Is Mozilla's Firefox 'click-to-play' feature a sound response to drive-by malware attacks?

Is Mozilla's Firefox 'click-to-play' feature a sound response to drive-by malware attacks?

Summary: In an attempt to slow down drive-by malware attacks, Mozilla plans to introduce 'click-to-play' feature in upcoming versions of its flagship Firefox browser.


According to a blog post by Mozilla's software engineer Jared Wein, Mozilla plans to introduce 'click-to-play'  feature in upcoming versions of their flagship Firefox browser.

The feature -- available to NoScript users for years -- aims to prevent the systematic exploitation of browser plugin based client-side exploitation campaigns, by allowing end users to choose whether they would want to active content to load in the first place.

A logical question emerges - is this a sound response to preventing the currently ubiquitous exploitation of client-side vulnerabilities on end and corporate PCs, especially in times when the average user is running a number of remotely exploitable third-party applications and browser plugins?

Not necessarily. How come? Pretty simple.

Basically, what Mozilla's 'click-to-play' feature really does, is slowing down the systematic exploitation of client-side vulnerabilities, not preventing it. On the majority of occasions, drive-by malware attacks are launched with a social engineering element in an attempt to increase the probability for a successful infection.

Cybercriminals entice end users and provoke end user interaction by promising something in return for clicking on the malicious link found found in spamvertised emails. If the end user originally clicked on a link promising him a video clip, access to personal data, notification, or verification email, Firefox's 'click-to-play' feature will only slow down the exploitation process, as the end user will eventually enable the showing of active content in an attempt to access the promised content.

Moreover, as we've seen in the past, cybercriminals are masters of visual social engineering, successfully impersonating well known brands, consumer products, and product features, such as for instance Firefox's security alert, and SafeBrowsing initiative's warning page. It would take long before they start mimicking Mozilla's 'click-to-play' feature, offering additional advice to users for enabling it in order to view the promised content.

What do you think? Is Mozilla's 'click-to-play' feature a sound response to preventing drive-by malware attacks? Or are social engineering elements embedded in these campaigns undermining the usability of Mozilla's feature?


Topics: Malware, Browser, Security

Dancho Danchev

About Dancho Danchev

Dancho Danchev is an independent security consultant and cyber threats analyst, with extensive experience in open source intelligence gathering, malware and cybercrime incident response.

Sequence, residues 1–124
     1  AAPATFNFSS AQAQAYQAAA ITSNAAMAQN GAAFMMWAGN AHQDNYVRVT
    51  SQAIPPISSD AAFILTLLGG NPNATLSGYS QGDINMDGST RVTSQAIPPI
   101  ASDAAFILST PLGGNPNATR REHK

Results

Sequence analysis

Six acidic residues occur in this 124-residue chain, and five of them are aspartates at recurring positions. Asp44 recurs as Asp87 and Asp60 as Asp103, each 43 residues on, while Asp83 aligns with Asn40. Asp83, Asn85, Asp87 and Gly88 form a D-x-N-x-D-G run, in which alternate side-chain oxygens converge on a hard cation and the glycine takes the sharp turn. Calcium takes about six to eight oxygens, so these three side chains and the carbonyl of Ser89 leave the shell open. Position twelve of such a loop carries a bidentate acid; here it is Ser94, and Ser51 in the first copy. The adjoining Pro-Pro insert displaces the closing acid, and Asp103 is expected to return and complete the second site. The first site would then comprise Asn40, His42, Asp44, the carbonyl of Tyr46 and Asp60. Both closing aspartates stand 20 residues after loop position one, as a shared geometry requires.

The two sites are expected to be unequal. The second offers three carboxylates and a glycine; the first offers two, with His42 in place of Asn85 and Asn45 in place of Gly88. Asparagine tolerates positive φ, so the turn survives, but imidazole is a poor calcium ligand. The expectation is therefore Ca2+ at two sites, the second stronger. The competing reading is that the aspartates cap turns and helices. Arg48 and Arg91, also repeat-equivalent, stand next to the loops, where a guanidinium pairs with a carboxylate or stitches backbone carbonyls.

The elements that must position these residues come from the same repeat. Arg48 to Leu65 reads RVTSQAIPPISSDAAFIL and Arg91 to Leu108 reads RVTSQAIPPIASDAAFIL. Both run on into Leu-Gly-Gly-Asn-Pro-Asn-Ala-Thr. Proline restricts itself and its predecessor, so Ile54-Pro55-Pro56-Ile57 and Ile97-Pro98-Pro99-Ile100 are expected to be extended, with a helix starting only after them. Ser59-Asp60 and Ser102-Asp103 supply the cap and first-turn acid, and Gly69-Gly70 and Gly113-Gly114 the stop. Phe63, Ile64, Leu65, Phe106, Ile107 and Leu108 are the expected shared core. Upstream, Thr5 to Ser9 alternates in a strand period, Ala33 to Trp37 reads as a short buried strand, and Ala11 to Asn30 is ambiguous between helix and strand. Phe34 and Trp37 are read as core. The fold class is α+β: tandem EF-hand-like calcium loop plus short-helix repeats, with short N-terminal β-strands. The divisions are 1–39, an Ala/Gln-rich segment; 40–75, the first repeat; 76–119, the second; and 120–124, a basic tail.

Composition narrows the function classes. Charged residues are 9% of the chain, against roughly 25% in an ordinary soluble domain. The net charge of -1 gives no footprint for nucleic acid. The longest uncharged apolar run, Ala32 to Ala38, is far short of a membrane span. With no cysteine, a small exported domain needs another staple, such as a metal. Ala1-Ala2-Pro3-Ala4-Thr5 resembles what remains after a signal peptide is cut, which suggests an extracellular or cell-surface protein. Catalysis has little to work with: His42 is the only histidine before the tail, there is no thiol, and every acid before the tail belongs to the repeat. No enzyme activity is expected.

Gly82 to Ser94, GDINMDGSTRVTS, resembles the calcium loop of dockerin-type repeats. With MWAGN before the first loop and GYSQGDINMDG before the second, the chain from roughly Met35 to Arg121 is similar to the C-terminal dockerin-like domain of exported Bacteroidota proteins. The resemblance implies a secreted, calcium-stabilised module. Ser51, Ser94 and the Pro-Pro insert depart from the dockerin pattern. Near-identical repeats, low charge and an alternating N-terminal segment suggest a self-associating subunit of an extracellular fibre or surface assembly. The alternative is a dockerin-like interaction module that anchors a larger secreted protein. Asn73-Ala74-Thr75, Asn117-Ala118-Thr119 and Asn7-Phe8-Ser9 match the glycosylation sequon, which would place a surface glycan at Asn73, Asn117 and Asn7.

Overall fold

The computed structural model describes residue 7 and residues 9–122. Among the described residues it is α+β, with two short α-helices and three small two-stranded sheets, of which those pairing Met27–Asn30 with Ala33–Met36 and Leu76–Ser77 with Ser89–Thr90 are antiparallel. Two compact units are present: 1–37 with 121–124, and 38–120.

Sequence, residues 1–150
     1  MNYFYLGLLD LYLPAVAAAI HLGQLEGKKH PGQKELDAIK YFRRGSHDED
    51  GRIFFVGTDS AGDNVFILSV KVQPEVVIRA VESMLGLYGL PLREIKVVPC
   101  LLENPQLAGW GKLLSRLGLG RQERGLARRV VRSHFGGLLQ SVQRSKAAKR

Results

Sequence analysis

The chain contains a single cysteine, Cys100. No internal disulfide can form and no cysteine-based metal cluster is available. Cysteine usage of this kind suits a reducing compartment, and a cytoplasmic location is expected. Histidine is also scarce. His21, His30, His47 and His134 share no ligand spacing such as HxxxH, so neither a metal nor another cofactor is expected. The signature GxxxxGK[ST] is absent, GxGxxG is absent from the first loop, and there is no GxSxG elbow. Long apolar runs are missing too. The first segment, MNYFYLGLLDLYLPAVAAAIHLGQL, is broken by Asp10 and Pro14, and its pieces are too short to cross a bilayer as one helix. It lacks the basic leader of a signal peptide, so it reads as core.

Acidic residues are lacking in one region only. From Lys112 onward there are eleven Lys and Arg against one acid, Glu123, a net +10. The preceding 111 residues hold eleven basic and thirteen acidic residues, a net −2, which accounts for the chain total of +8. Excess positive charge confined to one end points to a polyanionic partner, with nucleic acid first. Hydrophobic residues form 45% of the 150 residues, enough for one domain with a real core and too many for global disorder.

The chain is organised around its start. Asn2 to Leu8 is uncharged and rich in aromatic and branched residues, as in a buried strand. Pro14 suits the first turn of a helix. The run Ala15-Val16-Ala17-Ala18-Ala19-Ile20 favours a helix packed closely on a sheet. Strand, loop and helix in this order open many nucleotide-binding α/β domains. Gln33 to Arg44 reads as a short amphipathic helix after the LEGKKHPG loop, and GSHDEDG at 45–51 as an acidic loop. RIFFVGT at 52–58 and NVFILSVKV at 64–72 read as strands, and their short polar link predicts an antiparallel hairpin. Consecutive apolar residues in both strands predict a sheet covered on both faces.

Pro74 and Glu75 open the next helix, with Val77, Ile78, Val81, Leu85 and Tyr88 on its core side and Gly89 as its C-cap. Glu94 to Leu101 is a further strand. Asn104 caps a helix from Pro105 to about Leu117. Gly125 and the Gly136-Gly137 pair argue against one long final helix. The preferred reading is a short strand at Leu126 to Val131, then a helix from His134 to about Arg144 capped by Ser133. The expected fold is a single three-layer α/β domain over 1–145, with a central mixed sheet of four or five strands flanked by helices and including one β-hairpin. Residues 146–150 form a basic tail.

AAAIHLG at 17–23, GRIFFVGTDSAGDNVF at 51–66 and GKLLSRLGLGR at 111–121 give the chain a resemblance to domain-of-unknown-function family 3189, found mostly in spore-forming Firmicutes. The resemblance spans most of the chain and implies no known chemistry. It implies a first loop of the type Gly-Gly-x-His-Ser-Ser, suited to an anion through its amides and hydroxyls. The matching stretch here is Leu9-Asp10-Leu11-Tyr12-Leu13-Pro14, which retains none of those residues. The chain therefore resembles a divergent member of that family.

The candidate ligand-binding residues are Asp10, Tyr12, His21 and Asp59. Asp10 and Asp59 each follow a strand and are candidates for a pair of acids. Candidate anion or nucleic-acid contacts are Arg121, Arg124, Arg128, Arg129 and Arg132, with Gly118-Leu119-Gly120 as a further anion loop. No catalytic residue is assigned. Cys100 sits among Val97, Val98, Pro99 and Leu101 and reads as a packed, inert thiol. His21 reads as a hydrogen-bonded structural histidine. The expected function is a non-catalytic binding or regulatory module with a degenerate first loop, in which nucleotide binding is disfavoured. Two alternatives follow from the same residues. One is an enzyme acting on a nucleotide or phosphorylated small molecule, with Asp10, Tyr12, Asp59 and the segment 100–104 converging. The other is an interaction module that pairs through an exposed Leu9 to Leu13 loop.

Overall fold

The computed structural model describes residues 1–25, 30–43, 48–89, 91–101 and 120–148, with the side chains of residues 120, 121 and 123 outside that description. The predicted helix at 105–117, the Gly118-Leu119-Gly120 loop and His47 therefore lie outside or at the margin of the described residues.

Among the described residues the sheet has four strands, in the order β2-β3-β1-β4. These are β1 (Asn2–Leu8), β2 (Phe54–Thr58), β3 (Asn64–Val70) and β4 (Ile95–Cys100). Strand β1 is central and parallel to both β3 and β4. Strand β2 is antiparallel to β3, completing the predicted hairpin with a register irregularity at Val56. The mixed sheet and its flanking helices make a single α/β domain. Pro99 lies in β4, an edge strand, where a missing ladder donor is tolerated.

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  • Yes, please Firefox!

    Still very helpful, especially restoring after Firefox crashes, but also very useful as in not wanting online videos etc to play until asked by the user! Nice One Firefox! Keep up the good work!

    As for stopping attacks, yes it can help as you often aren''t sure what page will actually be displayed until it loads, and this way you can assess the risk, if any, first!
  • Should have been sooner

    This feature is in Opera and Chrome/Chromium for ages.
    In addition to added security you will get faster browsing, lower resource usage especially visible on older hardware.
  • Is Mozilla's Firefox 'click-to-play' feature a sound response to drive-by m

    This could also work as an adblock for some of those advertisements that play videos automatically.
    Loverock Davidson-
  • f/f

    A step in the right direction when i use f/f in use no script
    kind of inconvenient at times but it helps
    preferred user
    • intelligent users

      Both Internet Explorer and Outlook Express were for many years configured in such a way that the user could NOT control script execution. I abandoned both many years ago for that reason. In the end it is in the hands of the user unless you want an overbearing "babysitter" like Norton or MacAfee. I personally have used NoScript since it first came out, but there always has been the ability to prevent things from auto executing in Firefox and Thunderbird.
    • @preferred user .. small price to pay with NoScript

      [i]" ... A step in the right direction when i use f/f in use no script
      kind of inconvenient at times but it helps "[/i]

      Sure, it may be a tad inconvenient but it's really a small price to pay for what i will go on record as saying, makes the safest browsing environment of any current browser version.

      But this move by Mozilla is long overdue. I'm surprised the major browser vendors haven't implemented similar secure, counter-measures into their browsers to date.

      At any rate, i've used NoScript for over 4 years ... so the sight of click-to-play, NoScript placeholders is long past second nature to me.